Scientists with the National Oceanic and Atmospheric Administration (NOAA) are predicting that the strongest, and most erratic, El Nino in 60 years is currently building in the Pacific Ocean, reported Salon. They say this El Nino, combined with the effects of climate change, will have global consequences due to turbulent hurricane seasons.

In connection to rising water temperatures in the Pacific Ocean, NOAA scientists believe that El Nino conditions will peak by late autumn or early winter. “We’re predicting that the El Nino could be among the strongest in the historical record dating back to 1950,” said Mike Halpert, deputy director of NOAA’s Prediction Center.

NOAA researchers estimate a 90% chance that El Nino will strike during this winter, and an 85% chance that it will continue on until next spring. The upcoming El Nino is expected to generate “above-normal hurricane seasons” in the central and western Pacific Ocean hurricane basins. There is now a discussion within the scientific community about the extent of the influence climate change has on El Nino weather patterns.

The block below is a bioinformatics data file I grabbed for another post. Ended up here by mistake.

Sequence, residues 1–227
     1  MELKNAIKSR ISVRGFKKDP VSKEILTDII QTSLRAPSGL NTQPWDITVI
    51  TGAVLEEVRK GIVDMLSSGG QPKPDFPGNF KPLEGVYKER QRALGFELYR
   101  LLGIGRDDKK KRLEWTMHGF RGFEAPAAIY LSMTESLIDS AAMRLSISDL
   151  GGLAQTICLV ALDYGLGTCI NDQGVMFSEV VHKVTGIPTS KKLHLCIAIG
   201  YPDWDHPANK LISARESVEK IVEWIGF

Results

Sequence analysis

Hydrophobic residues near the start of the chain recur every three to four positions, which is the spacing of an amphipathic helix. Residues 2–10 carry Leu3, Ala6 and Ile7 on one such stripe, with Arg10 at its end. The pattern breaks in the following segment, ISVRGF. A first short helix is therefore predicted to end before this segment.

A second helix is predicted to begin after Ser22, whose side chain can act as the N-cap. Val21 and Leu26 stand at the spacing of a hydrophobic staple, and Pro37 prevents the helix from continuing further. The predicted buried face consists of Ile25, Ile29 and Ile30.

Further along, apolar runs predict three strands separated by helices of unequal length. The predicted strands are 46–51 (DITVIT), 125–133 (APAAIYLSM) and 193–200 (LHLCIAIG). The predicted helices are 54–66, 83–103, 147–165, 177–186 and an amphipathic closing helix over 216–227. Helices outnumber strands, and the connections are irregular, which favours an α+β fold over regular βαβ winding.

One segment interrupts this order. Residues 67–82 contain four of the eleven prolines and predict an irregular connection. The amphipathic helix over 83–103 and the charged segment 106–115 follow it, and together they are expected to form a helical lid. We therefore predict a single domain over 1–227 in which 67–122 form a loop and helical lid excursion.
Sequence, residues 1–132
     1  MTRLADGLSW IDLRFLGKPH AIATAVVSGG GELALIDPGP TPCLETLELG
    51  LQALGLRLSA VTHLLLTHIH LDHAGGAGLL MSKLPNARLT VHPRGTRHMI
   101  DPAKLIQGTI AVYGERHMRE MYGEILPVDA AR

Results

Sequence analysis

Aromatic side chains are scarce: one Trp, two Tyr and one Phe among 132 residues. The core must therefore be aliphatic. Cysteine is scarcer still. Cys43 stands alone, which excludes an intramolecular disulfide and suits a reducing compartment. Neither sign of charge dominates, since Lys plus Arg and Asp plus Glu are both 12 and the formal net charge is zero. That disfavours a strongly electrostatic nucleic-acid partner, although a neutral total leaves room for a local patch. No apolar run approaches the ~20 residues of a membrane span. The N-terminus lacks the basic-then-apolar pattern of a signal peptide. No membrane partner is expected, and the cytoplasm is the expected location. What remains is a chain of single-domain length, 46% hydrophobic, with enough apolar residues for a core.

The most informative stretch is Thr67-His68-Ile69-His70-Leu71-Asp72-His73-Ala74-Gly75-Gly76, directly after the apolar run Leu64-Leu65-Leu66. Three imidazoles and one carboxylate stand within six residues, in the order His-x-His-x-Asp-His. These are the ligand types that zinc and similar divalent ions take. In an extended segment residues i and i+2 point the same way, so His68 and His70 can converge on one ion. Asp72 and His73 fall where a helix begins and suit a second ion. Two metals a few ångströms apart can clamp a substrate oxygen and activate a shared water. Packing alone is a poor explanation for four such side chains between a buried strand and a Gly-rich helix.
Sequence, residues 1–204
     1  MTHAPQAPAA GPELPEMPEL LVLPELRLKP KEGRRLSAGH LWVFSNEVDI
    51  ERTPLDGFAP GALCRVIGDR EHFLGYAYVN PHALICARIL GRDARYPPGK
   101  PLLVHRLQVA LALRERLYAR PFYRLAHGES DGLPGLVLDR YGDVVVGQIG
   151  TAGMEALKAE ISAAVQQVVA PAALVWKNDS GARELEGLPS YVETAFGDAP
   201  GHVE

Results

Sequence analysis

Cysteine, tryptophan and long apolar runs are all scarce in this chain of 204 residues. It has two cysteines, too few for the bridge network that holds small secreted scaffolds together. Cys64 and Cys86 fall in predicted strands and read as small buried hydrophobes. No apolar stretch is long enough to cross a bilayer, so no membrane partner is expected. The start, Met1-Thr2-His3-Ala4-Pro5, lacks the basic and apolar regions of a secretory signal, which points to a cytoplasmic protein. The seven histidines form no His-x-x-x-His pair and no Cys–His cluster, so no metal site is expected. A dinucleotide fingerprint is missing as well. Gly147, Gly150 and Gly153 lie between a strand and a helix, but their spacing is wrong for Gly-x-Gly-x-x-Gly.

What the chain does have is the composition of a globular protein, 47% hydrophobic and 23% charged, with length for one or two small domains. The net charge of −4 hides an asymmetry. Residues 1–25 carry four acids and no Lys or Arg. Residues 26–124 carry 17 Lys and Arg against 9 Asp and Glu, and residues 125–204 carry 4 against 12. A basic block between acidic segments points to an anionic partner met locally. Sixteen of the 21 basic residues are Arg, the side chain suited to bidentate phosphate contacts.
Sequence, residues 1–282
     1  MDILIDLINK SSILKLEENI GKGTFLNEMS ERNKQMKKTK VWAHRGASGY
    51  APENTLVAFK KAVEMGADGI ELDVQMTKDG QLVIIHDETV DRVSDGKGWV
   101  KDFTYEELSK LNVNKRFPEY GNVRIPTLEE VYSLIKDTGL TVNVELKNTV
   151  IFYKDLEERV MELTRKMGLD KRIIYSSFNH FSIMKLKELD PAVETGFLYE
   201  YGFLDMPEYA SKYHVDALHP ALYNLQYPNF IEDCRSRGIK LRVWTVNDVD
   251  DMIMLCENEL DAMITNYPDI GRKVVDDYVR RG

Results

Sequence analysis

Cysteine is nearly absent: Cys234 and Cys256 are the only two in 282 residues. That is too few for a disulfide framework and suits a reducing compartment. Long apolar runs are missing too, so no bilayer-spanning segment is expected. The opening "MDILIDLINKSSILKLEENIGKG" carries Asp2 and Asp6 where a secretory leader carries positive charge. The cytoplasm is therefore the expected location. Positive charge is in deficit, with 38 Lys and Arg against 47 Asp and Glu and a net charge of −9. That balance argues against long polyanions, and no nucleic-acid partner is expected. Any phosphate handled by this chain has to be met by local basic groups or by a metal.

Scientists predict that the upcoming El Nino will bring heavy rain to drought-stricken California. However, the result of such an active storm season would inflict monumental damage on western Pacific countries such as Indonesia, New Guinea, and the Philippines. These countries do not have the infrastructure to withstand large, successive hurricanes.  

On one hand, an active El Nino system could bring more rain to California, which has been in a sufferable drought for four years. On the other hand, western Pacific countries are in danger of being damaged heavily by hurricanes. Either way, climate change is affecting our global weather patterns in tremendous ways.